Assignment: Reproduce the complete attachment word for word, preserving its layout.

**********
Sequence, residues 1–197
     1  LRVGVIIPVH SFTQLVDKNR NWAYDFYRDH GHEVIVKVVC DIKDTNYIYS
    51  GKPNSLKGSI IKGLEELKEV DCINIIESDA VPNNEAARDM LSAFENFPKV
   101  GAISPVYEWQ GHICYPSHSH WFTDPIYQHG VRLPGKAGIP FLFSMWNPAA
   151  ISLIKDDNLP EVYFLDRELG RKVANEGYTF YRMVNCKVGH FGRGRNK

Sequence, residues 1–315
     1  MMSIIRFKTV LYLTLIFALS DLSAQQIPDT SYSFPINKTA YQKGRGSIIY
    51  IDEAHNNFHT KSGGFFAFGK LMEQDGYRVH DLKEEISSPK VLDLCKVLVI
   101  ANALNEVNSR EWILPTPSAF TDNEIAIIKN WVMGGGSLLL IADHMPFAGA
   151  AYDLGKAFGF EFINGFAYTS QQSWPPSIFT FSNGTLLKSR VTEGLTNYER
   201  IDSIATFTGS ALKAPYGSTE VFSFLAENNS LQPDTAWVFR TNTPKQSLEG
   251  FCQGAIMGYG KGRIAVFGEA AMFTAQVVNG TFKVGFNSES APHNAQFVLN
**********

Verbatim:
Sequence, residues 1–197
     1  LRVGVIIPVH SFTQLVDKNR NWAYDFYRDH GHEVIVKVVC DIKDTNYIYS
    51  GKPNSLKGSI IKGLEELKEV DCINIIESDA VPNNEAARDM LSAFENFPKV
   101  GAISPVYEWQ GHICYPSHSH WFTDPIYQHG VRLPGKAGIP FLFSMWNPAA
   151  ISLIKDDNLP EVYFLDRELG RKVANEGYTF YRMVNCKVGH FGRGRNK

Sequence, residues 1–315
     1  MMSIIRFKTV LYLTLIFALS DLSAQQIPDT SYSFPINKTA YQKGRGSIIY
    51  IDEAHNNFHT KSGGFFAFGK LMEQDGYRVH DLKEEISSPK VLDLCKVLVI
   101  ANALNEVNSR EWILPTPSAF TDNEIAIIKN WVMGGGSLLL IADHMPFAGA
   151  AYDLGKAFGF EFINGFAYTS QQSWPPSIFT FSNGTLLKSR VTEGLTNYER
   201  IDSIATFTGS ALKAPYGSTE VFSFLAENNS LQPDTAWVFR TNTPKQSLEG
   251  FCQGAIMGYG KGRIAVFGEA AMFTAQVVNG TFKVGFNSES APHNAQFVLN